Comparing Amazon to other High Fliers
For years now, Amazon has been almost impossible to try to value using many traditional measures. Earnings, in addition to being razor-thin, have been inconsistent. Amazon doesn’t pay a dividend. Free Cash Flow was nearly zero last year.
But this is pretty typical for many new(er) tech companies. They reinvest heavily (if not through CapEx, then through operating costs) to ensure that they gain and/or maintain market share. This causes fluctuations with earnings and cash flows.
Yet, one metric that Amazon has gained consistency in over the past few years is Operating Cash Flow. This value doesn’t necessarily translate directly to earnings available to shareholders (like net income, dividends, or free cash flow), but I still think that it’s a useful number - useful enough for a rough valuation, anyway.
Operating Cash Flow hit about $5.5B last year, up from $4.2B the year before. At a Market Cap of about $155B, that yields a Price-to-TTM Operating Cash Flow of 28. Considering Amazon has about $7.5B in excess cash, the EV-to-TTM OCF ratio is closer to 27.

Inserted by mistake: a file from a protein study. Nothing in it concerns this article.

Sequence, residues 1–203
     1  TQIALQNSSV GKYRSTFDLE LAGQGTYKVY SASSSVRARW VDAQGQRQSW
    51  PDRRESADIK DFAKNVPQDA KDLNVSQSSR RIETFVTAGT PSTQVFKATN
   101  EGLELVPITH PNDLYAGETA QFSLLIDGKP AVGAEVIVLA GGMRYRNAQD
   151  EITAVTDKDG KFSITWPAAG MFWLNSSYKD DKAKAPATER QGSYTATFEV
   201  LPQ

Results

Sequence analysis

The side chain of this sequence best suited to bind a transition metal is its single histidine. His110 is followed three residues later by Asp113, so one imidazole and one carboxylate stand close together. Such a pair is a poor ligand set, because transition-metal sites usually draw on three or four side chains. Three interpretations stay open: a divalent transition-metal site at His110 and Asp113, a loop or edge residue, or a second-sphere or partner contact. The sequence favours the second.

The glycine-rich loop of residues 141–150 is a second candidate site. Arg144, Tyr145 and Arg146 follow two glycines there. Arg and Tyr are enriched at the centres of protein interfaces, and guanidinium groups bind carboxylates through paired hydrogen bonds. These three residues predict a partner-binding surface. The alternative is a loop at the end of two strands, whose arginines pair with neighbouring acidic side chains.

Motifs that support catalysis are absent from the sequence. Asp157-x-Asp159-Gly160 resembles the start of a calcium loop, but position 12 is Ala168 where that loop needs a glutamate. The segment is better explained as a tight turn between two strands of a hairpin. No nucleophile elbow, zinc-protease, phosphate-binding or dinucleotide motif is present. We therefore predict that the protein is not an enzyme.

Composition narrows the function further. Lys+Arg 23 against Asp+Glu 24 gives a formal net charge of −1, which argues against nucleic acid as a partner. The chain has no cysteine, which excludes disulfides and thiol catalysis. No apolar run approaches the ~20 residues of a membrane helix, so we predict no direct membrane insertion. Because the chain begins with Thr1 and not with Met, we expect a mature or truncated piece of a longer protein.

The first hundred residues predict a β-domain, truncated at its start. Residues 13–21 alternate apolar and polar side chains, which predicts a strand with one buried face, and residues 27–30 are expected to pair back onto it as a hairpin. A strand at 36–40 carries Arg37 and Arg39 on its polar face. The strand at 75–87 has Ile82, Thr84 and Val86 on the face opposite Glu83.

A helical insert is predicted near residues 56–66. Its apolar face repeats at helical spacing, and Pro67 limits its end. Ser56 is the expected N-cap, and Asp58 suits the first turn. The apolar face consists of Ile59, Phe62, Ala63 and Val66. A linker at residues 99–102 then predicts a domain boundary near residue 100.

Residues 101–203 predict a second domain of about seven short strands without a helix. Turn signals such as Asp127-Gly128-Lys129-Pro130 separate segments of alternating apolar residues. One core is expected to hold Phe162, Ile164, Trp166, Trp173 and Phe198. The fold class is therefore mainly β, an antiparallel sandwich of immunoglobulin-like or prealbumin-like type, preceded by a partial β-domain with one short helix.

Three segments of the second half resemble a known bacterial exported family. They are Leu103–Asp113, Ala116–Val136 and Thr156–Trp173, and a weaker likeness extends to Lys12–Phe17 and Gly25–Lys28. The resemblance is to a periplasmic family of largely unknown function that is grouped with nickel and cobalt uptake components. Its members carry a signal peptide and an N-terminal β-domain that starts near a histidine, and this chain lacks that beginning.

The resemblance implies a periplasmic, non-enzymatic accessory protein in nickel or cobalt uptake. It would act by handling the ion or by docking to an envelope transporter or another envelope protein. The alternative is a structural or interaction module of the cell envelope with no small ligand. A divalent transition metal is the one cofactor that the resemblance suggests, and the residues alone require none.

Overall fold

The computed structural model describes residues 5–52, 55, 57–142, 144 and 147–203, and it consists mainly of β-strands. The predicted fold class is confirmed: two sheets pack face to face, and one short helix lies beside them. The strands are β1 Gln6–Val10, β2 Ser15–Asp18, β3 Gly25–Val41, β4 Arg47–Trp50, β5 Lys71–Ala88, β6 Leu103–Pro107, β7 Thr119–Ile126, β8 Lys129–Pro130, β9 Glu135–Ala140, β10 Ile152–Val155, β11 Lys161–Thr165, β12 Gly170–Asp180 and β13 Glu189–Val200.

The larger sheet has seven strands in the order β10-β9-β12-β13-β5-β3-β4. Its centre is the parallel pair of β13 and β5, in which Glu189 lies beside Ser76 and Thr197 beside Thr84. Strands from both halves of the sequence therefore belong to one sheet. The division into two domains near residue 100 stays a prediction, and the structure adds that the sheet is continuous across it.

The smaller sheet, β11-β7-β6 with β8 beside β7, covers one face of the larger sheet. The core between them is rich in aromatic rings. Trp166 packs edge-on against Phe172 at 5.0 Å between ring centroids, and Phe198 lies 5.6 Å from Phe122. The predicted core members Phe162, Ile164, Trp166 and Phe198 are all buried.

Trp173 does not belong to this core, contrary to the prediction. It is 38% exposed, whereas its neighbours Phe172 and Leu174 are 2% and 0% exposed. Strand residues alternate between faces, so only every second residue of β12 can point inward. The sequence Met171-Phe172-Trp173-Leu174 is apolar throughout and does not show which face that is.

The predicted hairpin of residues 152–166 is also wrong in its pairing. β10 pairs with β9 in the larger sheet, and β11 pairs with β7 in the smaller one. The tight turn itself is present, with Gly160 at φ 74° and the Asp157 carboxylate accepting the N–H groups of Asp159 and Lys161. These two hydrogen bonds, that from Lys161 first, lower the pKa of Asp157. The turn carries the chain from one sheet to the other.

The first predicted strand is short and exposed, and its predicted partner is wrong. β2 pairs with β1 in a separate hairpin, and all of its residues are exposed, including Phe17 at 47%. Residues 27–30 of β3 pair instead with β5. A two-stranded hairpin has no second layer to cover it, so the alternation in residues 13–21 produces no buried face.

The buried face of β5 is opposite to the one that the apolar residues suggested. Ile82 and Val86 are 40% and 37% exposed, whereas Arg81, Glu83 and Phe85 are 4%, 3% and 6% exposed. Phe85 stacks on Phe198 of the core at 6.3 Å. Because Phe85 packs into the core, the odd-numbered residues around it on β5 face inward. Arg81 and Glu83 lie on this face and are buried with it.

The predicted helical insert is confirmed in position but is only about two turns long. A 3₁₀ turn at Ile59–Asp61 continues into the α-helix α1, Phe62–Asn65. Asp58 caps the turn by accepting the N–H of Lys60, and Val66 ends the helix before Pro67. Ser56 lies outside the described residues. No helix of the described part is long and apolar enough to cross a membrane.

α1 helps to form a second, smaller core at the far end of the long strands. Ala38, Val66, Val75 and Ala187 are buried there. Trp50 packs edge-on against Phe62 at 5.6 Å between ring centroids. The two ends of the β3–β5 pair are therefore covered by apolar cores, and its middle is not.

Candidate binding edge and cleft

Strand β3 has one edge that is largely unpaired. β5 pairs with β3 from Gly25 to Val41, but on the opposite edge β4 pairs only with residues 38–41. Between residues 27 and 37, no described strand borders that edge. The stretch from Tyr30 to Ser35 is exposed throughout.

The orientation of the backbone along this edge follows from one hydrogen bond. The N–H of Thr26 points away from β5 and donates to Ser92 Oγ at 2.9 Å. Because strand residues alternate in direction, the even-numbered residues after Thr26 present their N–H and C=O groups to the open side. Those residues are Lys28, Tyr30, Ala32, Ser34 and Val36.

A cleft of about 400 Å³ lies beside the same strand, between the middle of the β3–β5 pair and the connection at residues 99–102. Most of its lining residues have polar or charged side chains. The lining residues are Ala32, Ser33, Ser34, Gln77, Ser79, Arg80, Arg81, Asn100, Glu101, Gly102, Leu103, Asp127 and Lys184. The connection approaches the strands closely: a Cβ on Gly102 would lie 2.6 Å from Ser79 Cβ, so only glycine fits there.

Is that low? Is that high? Here are a couple other “high flier” companies and their respective Price-to-Operating Cash Flow values (excess cash not backed out):
Gilead Science: 33.8
3D systems: 244
Compared to these companies, Amazon isn’t such a high flier. One could argue it’s actually on the cusp of just being a “big tech” company with a rich valuation. After all, Google’s P/OCF ratio is 20 – a bit lower compared to Amazon’s 28, but not ridiculously far off. (Per The Motley Fool, Amazon’s 5 year Rev growth rate is 32.5% compared to Google’s 24%.)
This obviously isn’t a list of peer companies, but it is a list of other popular, high-multiple companies – the type of company Amazon is commonly considered. But based on at least one metric (OCF), Amazon distinguishes itself by being much cheaper.
In terms of revenue, Amazon holds a larger #1 edge in its respective industry than most other #1 players. And we’re talking about a BIG industry. I think Wal-Mart is the #2 online retailer in US, and Amazon’s retail sales are something like 10x higher than Wal-Mart. That’s huge.
By no means am I trying to say that Amazon is some value stock now (I’ve only highlighted one metric, after all). And for the sake of not trying to make this an all-out Amazon pitch, I’ll stop here. I just thought I’d shed some light on Amazon’s status as a “high flier.”